PHARMA: Reprieve for Amgen looking doubtful

In a story titled somewhat cryptically Medicare chief stands by anemia move (do they mean he’s trying to become anemic?) Reuters reports that CMS is not backing down from its decision to radically cut payments for anti-anemia drugs for chemotherapy patients. In English this means that Amgen’s Arenesp (& Epogen, though that’s not officially for cancer patients) and J&J’s Procit (which is Epogen re-marketed by J&J) are not going to recover their lost sales from last year.  Those sales began to be lost when studies revealed that the fairly rampant use of those drugs was overuse, and also that they were causing some severe side-effects.

Of course for reasons that we all know (e.g. they have little to do with clinical endpoints and more to do with financial ones), community oncologists have flipped out. I do like the response from Dr. Barry Straube, the chief medical officer at CMS. He said:

Our staff looked at over 800 evidenced-based articles published in the literature," he said. "I doubt seriously whether most clinicians read all 800."

Of course the real impact of this was not on patients per se, but on Amgen’s stock price, which has not had the best of years. The little rally late last year was on hopes that CMS would change its mind. I’m afraid that that gravy train looks like it’s over.


Categories: Uncategorized

Tagged as: ,

1 reply »

  1. What do we do about the anemia drug controversy?
    Most doctors and patients would agree the drugs are very helpful for patients when used to correct “severe” anemia, which can be debilitating and even life-threatening. The drugs reduce the need for somewhat risky blood transfusions and can give patients more energy and improve their quality of life.
    ”These are drugs that were presumed to be entirely safe, given for supportive care and to improve quality of life,” not to actually treat cancer, said Dr. Eric Winer, director of breast oncology center at the Dana-Farber Cancer Institute in Boston. ”So any concern that they could shorten someone’s life are taken quite seriously.”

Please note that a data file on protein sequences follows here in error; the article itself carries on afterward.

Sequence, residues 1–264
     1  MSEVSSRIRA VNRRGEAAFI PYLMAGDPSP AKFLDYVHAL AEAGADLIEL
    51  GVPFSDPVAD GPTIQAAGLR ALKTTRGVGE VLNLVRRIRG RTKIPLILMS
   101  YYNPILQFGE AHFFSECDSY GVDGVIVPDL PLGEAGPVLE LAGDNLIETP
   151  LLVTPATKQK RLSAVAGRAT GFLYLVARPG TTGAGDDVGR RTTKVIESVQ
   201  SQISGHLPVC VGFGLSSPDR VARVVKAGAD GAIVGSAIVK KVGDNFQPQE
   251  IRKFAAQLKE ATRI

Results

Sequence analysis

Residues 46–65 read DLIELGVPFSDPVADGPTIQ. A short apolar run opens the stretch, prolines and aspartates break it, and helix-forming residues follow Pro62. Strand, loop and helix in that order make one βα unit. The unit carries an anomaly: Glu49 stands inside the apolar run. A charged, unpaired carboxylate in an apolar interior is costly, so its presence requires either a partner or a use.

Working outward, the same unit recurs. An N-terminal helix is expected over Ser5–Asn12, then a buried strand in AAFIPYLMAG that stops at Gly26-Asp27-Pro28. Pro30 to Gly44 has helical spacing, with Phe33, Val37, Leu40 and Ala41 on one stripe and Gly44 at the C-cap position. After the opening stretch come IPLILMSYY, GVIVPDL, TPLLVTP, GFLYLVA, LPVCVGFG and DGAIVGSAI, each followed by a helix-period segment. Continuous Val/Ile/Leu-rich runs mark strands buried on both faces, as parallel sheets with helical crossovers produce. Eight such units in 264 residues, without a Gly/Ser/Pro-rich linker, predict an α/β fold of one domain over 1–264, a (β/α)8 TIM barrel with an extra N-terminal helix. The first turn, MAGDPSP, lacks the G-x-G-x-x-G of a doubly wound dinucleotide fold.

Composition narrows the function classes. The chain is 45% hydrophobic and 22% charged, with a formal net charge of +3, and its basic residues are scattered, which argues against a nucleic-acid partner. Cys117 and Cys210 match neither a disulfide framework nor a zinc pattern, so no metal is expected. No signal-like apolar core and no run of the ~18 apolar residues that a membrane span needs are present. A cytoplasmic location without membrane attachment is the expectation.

There is little evidence that the drugs make much difference for patients with “moderate” anemia. Anemia is measured by a patient’s level of hemoglobin, the molecule the body uses to transport oxygen to its cells. Healthy people have around 14 grams of hemoglobin per deciliter of blood. Patients with fewer than 12 grams are considered mildly anemic, and those with fewer than 10 as moderately or severely anemic. The labels on the drugs approved by the FDA encourage doctors to aim for a hemoglobin level of 10 to 12.
    Critics of the drugs say their increased use has been driven by profit. According to Dr. John Glaspy, director of UCLA’s Outpatient Oncology Clinic, one complicating factor is that oncologists make significant revenue buying cancer drugs from manufacturers and charging patients a higher price for receiving the drugs in their offices. That profit motive could influence some doctors’ decisions.
    Len Lichtenfeld, deputy chief medical officer for the American Cancer Society, told UPI last year that “probably more than a billion dollars is spent on erythropoietin each year, which makes it one of the most expensive cancer drugs.” A six-month course of treatment can cost more than $10,000 per patient.
    After this issue had started to be reported, U.S. Oncology took an 8-10 million dollar hit in its first-quarter SEC report last year, including reduced pre-tax income due to lower use of anemia drugs. They also were handicapped by CMS stopping the Medicare Demonstration Project which paid chemotherapy providers $130 per report, per infusional-chemotherapy recipient, on a patient’s level of nausea, vomiting, pain and fatigue, something that Congress found out that they were supplying free of charge anyway.
    A continuance of the Medicare Demonstration Project would have exacerbated existing economic and clinical problems instead of resolving them by increasing the temptations for physicians to overuse injectable drugs and promise to aggravate the economic problems Congress attempted to fix with the new Medicare law.
    A New York Times article reported last year that Federal laws bar drug companies from paying doctors to prescribe medicines that are given in pill form and purchased by patients from pharmacies. However, companies can rebate part of the price that doctors pay for drugs, like the anemia medicines, which they dispense in their offices as part of treatment. Doctors receive the rebates after they buy the drugs from the companies, but they also receive reimbursement from Medicare or private insurers for the drugs, often at a markup over the doctors’ purchase price.
    Although the new Medicare bill tried to curtail this kind of drug concession, private insurers still go along with it. What needs to be done is to remove the profit incentive from the choice of drug treatments. Let’s take physicians out of the retail pharmacy business and force them be doctors again!